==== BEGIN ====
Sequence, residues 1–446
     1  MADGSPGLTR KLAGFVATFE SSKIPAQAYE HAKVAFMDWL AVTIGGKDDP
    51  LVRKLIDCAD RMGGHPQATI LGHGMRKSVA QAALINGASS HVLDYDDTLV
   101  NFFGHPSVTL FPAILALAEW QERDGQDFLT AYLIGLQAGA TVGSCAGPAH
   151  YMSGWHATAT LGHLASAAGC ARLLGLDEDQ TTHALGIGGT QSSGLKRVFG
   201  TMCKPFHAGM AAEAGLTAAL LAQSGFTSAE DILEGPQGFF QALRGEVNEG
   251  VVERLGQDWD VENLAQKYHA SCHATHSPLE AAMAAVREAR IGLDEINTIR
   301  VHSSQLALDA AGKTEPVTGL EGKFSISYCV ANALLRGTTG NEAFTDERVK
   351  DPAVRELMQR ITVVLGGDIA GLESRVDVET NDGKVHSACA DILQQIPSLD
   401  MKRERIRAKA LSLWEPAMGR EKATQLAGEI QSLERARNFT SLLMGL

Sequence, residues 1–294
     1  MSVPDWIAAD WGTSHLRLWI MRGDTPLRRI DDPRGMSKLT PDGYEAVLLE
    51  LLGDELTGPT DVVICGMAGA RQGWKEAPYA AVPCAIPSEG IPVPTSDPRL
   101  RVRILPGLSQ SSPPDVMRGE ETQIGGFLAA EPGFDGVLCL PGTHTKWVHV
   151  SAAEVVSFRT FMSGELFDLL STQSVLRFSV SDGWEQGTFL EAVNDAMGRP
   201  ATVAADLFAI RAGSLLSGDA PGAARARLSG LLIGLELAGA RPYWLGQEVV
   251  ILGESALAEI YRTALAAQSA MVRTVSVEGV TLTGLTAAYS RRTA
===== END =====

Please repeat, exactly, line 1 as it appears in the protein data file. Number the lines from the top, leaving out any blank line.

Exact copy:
Sequence, residues 1–446